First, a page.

[Python-Dev] PEP 389: argparse - new command line parsing module

Brett Cannon brett at python.org
Mon Sep 28 21:22:55 CEST 2009

On Mon, Sep 28, 2009 at 08:49, Steven Bethard <steven.bethard at gmail.com> wrote:
> On Mon, Sep 28, 2009 at 8:27 AM, Steven D'Aprano <steve at pearwood.info> wrote:
>> On Tue, 29 Sep 2009 12:28:39 am Steven Bethard wrote:
>>> * Would you like argparse to grow an add_getopt_arguments method (as
>>> in my other post)?
>> 0
>>> * If argparse grew an add_getopt_arguments, would you still want to
>>> keep getopt around? And if so, why?
>> Simplicity of the learning curve. Using it is as simple as:
>> getopt.getopt(sys.argv[1:], "a:b", ["alpha=", "beta"])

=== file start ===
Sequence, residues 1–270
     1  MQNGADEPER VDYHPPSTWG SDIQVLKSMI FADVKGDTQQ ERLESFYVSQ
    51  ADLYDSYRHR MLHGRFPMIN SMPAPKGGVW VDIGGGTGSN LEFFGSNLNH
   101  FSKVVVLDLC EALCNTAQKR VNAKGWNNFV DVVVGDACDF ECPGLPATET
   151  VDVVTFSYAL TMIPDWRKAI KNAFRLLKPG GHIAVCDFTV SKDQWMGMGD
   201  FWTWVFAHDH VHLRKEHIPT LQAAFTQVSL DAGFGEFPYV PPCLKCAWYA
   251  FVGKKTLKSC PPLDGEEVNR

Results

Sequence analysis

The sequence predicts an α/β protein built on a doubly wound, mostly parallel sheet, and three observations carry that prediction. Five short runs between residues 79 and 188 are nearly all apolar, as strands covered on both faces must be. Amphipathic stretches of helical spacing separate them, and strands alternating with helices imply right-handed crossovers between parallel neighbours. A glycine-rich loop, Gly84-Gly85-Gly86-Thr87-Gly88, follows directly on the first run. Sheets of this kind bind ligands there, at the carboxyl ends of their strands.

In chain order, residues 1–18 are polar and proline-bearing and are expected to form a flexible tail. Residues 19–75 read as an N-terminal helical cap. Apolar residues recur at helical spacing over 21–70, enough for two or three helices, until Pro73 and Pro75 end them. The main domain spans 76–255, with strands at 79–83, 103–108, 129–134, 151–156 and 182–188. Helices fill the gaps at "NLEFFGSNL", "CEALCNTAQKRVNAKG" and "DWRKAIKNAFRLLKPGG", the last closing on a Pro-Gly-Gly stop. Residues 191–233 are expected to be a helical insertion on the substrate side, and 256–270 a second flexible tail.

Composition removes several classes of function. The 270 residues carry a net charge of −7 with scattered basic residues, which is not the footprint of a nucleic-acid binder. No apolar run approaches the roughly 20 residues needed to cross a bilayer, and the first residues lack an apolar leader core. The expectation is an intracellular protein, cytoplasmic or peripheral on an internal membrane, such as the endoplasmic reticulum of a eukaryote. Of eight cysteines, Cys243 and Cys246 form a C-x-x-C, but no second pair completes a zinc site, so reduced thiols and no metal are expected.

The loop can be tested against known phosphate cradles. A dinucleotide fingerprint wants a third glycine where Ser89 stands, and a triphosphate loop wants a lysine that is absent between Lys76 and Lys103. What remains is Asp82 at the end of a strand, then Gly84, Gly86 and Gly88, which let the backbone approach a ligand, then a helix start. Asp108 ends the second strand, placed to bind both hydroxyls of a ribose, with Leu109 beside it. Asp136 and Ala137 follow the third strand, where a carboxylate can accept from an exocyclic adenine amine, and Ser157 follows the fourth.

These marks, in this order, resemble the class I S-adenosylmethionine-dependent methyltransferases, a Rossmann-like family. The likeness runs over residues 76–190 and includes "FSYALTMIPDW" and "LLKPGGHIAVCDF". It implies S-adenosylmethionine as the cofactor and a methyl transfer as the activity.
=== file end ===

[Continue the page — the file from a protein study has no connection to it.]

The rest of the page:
> You forgot the for-loop, nested if/else statements and type conversions. ;-)

=) I do wonder if people who are advocating for getopt sticking around
realize how much extra code must be written to make sure what it gives
back to you is in some sane manner.

Let's take ``getopt.getopt(sys.argv[1:], "a:b", ["alpha=", "beta"])``
as an example and simply assume that 'alpha' takes a string as an
argument and that it's required and that 'beta' is a boolean flag. To
pull everything out you could do::

  options, args = getopt.getopt(sys.argv[1:], "a:b", ["alpha=", "beta"])
  options_dict = dict(options)
  alpha = options_dict.get('-a', options_dict.get('--alpha', ''))
  beta = '-b' in options_dict or '--beta' in options_dict

  main(alpha, beta, args)

Obviously if one of the getopt supporters has a better way of doing
this then please speak up.

Now, Steven, can you show how best to do this in argparse? I am
willing to bet that the total number of lines to do this is not that
much more and does not require you to know to use 'or' or the dict
constructor along with dict.get() in order to keep it compact. I can
only imagine what some newbie might try to do in order to be correct
(if they even try).


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